In my last article, I discussed mobile pay-per-call advertising and how it serves as the perfect complement to a business’s advertising efforts.  Let’s now take a quick look at mobile pay-per-call advertising and how it works behind the scenes. To get started with pay-per-call , you pass your business’s information over to the pay-per-call network and let them know the call duration you require for a quality lead.  The best part is that you only pay once you get a lead.  The setup promises low risk and high returns. Mobile pay-per-call advertising is managed for you and your business.  On the back end, the many moving parts ensure the quality of your campaign.  The pay-per-call network’s delicate orchestration of tracking, affiliate relations, accounting and campaign performance optimization are responsible for turning on your call lead engine. To track call analytics, advertisers use a dedicated dashboard  to view campaign details ranging from geographic location to call duration  to  qualified leads data.  With this data, you can refine your qualification process to get the best results per call lead.  If your call center team becomes savvy enough to qualify a lead within the time you have specified in your pay-per-call campaign setup, then you have the potential to turn each and every call into profit.  From that point, the call volume you receive is contingent upon how many calls the affiliates that drive them can produce.

                                                                                                                                                                      Source: RingRevenue

[This is screenshot of the backend of a Mobile Pay-Per-Call campaign.  There, the business can see statistics about phone number source, call geography, call duration, and more.] Note that the higher call duration you specify , the less likely  affiliates are to promote your company.  The affiliates that drive the phone calls are typically compensated based on call duration and in rare cases, closed sales. If your quality lead requirements are too rigid, and the call durations are too long, affiliates will typically shy away from your offer.  Try and run with the lowest call duration possible for your call center to qualify a lead.  The quicker your operators are at qualifying the incoming leads, the better.  If you  set a low call duration when launching your campaign, you will attract  more affiliates. With mobile pay-per-call marketing, affiliates translate to calls.  For example, if you set  a minimum call duration of 3 minutes and your competition requires 2 minutes for the same payout, affiliates will drive leads to your competitors.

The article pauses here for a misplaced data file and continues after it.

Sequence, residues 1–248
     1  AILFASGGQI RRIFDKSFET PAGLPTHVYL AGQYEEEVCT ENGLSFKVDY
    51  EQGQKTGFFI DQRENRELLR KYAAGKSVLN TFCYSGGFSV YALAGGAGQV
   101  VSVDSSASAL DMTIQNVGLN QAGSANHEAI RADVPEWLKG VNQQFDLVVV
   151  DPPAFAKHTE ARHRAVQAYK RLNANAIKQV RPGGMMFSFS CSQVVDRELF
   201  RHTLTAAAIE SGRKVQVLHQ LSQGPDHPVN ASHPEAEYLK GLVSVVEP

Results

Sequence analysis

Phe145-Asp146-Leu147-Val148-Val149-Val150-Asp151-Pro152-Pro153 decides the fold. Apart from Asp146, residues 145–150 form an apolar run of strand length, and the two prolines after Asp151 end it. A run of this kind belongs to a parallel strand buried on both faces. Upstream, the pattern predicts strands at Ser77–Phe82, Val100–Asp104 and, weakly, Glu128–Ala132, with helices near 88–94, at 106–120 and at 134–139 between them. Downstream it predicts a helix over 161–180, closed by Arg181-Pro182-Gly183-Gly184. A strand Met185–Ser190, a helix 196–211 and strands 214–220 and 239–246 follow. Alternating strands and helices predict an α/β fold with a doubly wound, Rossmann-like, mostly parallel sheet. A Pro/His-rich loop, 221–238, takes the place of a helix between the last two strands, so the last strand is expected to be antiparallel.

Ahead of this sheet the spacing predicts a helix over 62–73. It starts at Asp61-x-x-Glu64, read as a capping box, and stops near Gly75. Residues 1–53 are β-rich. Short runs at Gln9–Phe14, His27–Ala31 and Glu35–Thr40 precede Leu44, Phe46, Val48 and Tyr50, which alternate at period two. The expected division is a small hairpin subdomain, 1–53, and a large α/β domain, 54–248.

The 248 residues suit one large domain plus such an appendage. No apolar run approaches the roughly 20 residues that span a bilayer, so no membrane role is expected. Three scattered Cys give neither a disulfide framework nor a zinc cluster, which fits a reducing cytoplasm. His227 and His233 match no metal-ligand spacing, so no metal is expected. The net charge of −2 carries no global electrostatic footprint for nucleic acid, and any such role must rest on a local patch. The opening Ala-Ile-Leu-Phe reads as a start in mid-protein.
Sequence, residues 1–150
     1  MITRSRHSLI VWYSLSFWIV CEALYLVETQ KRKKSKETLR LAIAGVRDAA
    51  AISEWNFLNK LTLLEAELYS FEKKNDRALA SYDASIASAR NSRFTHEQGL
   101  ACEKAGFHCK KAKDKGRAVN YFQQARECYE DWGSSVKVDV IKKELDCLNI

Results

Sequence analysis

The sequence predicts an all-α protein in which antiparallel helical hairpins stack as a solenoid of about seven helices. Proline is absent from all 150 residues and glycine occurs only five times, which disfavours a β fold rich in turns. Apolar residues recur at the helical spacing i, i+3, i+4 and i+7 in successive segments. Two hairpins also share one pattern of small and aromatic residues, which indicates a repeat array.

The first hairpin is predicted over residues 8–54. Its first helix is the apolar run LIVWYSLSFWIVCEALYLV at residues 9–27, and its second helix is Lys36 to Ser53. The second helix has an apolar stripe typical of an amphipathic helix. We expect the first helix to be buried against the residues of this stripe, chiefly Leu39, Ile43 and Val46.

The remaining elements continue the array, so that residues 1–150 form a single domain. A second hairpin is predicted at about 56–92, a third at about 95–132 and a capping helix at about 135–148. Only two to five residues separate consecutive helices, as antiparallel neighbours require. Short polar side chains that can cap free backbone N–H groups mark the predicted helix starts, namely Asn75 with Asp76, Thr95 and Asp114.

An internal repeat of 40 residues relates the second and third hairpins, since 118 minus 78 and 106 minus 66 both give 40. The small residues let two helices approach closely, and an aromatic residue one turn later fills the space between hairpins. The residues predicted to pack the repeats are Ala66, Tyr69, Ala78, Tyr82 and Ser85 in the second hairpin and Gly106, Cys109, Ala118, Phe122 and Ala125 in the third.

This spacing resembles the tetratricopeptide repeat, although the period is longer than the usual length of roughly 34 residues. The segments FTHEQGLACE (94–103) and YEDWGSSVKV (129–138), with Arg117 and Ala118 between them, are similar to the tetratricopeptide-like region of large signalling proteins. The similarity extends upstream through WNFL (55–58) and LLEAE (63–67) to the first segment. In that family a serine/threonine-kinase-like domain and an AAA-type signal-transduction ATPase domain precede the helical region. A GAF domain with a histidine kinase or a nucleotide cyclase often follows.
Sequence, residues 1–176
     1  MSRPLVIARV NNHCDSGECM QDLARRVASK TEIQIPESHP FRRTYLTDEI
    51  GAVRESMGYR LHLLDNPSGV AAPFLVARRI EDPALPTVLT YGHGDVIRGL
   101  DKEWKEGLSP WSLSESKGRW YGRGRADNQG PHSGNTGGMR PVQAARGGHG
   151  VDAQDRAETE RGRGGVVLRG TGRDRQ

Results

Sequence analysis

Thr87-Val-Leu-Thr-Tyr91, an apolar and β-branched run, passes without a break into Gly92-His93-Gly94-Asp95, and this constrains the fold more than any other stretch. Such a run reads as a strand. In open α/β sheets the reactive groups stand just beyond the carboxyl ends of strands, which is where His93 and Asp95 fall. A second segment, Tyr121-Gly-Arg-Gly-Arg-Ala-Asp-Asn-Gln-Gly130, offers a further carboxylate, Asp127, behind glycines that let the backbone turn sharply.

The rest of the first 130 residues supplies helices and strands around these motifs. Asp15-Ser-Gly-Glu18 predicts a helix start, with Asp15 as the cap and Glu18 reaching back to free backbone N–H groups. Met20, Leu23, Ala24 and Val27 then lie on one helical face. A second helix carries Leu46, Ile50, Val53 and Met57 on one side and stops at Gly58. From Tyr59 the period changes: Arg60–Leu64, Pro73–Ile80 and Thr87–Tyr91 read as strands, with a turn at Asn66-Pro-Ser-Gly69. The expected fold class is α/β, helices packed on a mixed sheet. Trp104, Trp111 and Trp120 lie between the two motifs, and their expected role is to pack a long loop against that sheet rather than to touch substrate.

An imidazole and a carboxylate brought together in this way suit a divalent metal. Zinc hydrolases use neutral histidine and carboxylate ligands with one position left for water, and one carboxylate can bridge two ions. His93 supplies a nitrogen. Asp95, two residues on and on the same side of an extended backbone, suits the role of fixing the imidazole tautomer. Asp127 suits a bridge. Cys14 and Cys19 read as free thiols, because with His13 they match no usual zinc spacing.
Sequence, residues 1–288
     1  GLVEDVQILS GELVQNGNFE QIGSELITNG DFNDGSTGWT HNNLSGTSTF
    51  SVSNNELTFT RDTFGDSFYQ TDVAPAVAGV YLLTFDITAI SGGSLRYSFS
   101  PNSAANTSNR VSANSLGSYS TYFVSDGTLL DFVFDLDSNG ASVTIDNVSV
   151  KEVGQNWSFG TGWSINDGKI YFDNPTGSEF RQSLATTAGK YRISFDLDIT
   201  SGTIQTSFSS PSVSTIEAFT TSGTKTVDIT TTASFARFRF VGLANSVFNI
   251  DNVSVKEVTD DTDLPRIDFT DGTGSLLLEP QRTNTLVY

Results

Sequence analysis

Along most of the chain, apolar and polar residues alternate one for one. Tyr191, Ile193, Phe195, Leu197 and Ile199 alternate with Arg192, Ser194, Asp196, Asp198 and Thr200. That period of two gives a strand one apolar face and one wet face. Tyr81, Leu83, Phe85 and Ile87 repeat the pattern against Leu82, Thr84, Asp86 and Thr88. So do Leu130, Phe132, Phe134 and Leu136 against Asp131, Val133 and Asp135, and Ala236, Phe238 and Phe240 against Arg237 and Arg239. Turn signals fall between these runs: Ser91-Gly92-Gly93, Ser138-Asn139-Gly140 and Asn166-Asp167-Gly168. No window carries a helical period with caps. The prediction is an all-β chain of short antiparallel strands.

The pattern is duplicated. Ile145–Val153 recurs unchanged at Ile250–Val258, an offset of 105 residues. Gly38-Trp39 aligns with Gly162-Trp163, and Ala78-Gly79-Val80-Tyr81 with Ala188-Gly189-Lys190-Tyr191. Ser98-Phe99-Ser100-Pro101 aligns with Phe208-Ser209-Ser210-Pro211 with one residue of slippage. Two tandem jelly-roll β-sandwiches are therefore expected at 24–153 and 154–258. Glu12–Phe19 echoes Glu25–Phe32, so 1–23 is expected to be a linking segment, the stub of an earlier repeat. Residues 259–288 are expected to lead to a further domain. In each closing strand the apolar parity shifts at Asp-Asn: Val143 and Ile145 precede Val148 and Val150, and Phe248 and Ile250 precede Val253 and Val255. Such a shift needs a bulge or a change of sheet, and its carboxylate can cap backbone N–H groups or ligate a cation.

Mobile Pay-Per-Call and the Bottom Line

Several Fortune 500 companies have already transitioned to the pay-per-call model and have seen incredible returns.  Behind the scenes, big players in the auto insurance and finance industries have been reaping the benefits of mobile pay-per-call campaigns.  Still, mobile pay-per-call is a relatively new form of online marketing, and holds more promise than just about any form of advertising today.  Nikesh Aurora, Google’s chief business officer explains, “Mobile is right now where search was in 1999.”  According to Aurora, Google is connecting consumers to about 15 million calls a month through their advertising platform. That number will grow exponentially as businesses begin to realize the power for mobile pay-per-call.  According to a BIA/Kelsey study last year, on average, U.S. businesses received about 11 calls a month from desktop search and 34.7 calls a month coming from mobile devices. By 2013, those numbers are projected to go to 13.8 and 80.9, respectively. If you are running a company that serves a wide national audience, mobile pay-per-call offers the perfect solution to maximize your reach to prospects.  More active searchers are looking for products or services every day on their smartphones.  The phones are ringing.  Will your company be there? Mike Bek is an Internet marketer and writer with the Mobile Fused Pay-Per-Call Network.